Pine Watt is in the midst of hiking the tallest volcano on every continent, starting with the 18,491-foot Pico de Orizaba in Mexico. Passion Passport caught up with him as he put the final touches on his plan.
What is the Stay Restless project?
The goal is to summit the highest volcano on each continent to raise awareness about the clean water epidemic around the world.
Why the name?
I chose the name Stay Restless because I believe it describes a group of people like me. They are restless. Restless to explore. Restless to create. Restless to challenge themselves. Restless to help to help others. I believe that there are a lot of people out there like me, Restless. They are pushing themselves to create and explore.
Why the tallest volcanoes?
I chose volcanoes because they are incredibly challenging, as most of them are in remote areas of the world, yet at the same time they are within my reach as a non-technical climber. If I am able to complete this challenge I would be just the 11th person to summit the highest volcanoes of the world. Not going to lie, that really appeals to me.
Where are the highest volcanoes on each continent?
These are scattered around the world on some of the most remote and breathtaking areas.
- Pico de Orizaba, Mexico, North America (18,491ft): Surprisingly North America’s third-highest mountain is close to the equator.
- Ojos del Salado, Chile/Argentina Border, South America (22,615ft): Currently the world’s tallest volcano. it is also rumored to have the world’s highest lake on its slopes.
- Mt. Sidley, Antarctica (14,058ft): The most daunting volcano on the list. As if sub-zero temperatures aren’t enough, the first confirmed ascent of Mt. Sidley was in 1990, just 25 years ago.
- Mt. Elbrus, Russia, Europe (18,510ft): This volcano just sneaks into the defined region of Europe, although the argument still rages.
- Undisclosed Location, China (?): Details are few and far between, but I am currently researching a potential new highest volcano in Asia. I know, I am as shocked as you.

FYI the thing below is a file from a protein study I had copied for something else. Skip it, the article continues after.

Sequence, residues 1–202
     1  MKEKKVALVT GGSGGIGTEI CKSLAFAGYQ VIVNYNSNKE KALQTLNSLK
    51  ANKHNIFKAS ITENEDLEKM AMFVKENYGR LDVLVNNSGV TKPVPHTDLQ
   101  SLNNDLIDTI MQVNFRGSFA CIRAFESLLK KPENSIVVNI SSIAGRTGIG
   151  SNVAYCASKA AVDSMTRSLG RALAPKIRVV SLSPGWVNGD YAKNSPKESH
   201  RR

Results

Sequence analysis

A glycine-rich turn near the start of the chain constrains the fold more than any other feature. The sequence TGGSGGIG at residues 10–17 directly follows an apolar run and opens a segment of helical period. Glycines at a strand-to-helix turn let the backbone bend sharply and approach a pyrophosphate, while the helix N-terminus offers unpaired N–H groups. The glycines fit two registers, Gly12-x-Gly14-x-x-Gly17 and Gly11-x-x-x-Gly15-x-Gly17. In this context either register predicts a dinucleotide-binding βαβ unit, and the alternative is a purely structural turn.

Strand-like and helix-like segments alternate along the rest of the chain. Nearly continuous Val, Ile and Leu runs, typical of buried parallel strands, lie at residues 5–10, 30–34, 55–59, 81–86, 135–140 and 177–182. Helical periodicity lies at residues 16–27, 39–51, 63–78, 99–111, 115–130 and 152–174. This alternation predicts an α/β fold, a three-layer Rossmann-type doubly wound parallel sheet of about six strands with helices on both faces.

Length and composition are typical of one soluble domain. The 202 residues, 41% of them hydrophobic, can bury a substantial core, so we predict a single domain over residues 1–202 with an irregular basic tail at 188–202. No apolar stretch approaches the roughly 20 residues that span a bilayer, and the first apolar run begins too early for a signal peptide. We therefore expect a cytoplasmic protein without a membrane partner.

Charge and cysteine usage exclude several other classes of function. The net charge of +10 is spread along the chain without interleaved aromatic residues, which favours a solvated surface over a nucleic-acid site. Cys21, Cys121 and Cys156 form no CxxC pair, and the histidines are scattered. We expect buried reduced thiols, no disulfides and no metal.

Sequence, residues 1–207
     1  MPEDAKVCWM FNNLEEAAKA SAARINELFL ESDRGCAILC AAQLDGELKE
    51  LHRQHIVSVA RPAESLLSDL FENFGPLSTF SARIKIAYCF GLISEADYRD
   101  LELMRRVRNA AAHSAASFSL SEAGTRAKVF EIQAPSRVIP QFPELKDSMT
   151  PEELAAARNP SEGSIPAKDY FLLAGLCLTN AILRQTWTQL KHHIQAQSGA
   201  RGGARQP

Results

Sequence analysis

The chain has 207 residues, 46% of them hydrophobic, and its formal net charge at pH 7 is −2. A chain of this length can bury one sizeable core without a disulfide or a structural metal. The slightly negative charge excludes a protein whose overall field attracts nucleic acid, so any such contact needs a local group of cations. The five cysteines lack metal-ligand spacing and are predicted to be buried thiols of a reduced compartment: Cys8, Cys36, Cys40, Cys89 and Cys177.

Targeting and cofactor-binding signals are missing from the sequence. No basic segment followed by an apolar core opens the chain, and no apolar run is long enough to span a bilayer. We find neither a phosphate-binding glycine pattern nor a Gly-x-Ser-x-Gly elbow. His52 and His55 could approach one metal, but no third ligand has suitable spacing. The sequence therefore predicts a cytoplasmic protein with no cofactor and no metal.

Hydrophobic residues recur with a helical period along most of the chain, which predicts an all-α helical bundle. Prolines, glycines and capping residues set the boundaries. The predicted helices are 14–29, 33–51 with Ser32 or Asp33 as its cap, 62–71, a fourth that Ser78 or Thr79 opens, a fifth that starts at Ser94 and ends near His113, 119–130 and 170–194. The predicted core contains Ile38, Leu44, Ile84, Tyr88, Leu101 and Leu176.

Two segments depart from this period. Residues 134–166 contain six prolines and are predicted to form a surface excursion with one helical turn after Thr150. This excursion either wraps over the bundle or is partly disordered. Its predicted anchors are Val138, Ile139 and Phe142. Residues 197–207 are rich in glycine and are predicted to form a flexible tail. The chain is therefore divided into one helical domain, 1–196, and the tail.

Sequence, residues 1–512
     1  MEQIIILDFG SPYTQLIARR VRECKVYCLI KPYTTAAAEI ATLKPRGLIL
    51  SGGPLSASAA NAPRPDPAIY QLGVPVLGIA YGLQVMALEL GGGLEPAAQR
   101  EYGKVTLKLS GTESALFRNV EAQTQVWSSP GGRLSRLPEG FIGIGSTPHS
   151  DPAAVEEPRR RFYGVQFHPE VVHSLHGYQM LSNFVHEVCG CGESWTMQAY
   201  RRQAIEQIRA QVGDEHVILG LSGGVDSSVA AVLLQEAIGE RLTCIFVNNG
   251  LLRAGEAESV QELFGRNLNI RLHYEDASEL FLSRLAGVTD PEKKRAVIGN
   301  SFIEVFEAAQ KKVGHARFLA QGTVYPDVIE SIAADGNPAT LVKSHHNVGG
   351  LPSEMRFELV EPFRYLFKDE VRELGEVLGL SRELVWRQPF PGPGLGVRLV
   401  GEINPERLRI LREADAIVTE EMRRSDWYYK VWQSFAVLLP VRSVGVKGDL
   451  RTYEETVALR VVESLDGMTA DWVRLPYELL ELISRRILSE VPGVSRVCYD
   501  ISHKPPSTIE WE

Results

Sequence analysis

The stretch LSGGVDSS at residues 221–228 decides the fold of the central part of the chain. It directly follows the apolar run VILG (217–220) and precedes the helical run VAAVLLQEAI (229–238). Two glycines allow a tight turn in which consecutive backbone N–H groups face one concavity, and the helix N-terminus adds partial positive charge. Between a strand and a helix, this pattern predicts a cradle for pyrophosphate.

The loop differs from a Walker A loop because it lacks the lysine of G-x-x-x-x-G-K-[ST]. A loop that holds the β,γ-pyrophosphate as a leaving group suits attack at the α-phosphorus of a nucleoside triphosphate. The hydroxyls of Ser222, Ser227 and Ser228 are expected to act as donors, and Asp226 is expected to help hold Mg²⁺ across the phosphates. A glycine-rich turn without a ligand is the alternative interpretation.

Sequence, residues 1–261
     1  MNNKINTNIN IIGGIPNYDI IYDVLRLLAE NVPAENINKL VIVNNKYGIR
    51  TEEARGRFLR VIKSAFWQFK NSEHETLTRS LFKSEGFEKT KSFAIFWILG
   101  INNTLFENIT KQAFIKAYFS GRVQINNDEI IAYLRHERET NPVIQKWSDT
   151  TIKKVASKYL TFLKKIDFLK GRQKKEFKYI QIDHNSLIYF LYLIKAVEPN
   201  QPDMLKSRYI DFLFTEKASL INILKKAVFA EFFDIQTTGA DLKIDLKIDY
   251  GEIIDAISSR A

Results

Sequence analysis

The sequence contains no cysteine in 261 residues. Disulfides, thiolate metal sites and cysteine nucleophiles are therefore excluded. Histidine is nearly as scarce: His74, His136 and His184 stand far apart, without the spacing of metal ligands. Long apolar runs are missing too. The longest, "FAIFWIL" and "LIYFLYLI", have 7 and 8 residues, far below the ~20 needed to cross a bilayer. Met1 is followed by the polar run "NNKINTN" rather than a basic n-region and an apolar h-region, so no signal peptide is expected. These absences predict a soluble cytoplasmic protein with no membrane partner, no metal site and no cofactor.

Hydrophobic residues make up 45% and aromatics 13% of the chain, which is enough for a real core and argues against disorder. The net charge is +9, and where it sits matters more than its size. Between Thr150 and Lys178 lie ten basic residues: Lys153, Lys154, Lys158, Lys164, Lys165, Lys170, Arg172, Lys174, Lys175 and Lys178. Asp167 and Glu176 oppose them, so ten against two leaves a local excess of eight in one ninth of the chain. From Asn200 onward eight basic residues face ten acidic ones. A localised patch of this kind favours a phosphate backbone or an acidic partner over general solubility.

- Mt. Giluwe, Papua New Guinea, Oceania (14,331ft): A nice change of pace from trekking up glaciers, the snows have long melted and dense jungle has taken over. There is no confirmed path to the summit, so I must be prepared for bushwhacking my own way to the top.
- Mt. Kilimanjaro, Tanzania, Africa (19,341 ft): Summited 2012 – My ascent of Kili was the catalyst for this entire endeavor. It sparked a deep love and passion for the volcanoes of the world.
Wow. How do you plan for a trip like this?
Without getting to deep into specifics, there are three areas that require planning. Your mental strength, your physical endurance, and your kit. Obviously, any high altitude climbing requires an extreme level of fitness. For those who are interested I have written a blog laying out the exercises I use to prepare for such a trip. The added bonus of training for such an undertaking is that it increases your mental toughness, your will to push deeper.
Mentally, I prepare with a three-prong plan. First, my physical preparation greatly contributes to my mental toughness. If I believe I am in the proper shape to summit then I have the mental toughness to summit. Secondly, I have a detailed plan of every climb. I focus on the route and number of days I spend acclimatizing as they are vital to a successful climb.
Third, I plan and pack all my gear. Planning all your layers and gear is essential and can’t be skipped. I always plan for the worst and hope for the best. My kit is a vital part of the preparations and I pack and plan my kit carefully. I always makes sure to field test equipment before I take it out on a serious climb. From a new backpack to a new protein bar, I test them all.
How do you raise awareness about the clean water crisis?
I design small adventure goods, such as notebooks and donate 10-percent of all profits to charity: water. The ultimate goal is to donate $7,000 by the time I complete all seven mountains. I draw inspiration for the goods I design from each culture that I encounter while climbing the volcanoes. For example, I am currently designing a “Mexican capsule” of goods based on traditional Mexican and Aztec designs.
After completing this interview, Pine set out on his first attempt to summit Pico de Orizaba. He emailed Passion Passport to let us know he didn’t quite make it, but the trip was a success nonetheless. “I failed to summit, however it was because of potentially life threatening weather. Winds were gusting 70 mph. Although I failed at summitting, I think failing is actually really living. Living to try again. Failure can teach you more than succeeding, if you are willing to let it,” he wrote. Follow @pinewatt on Instagram or check out Pine’s website for the latest pictures and updates.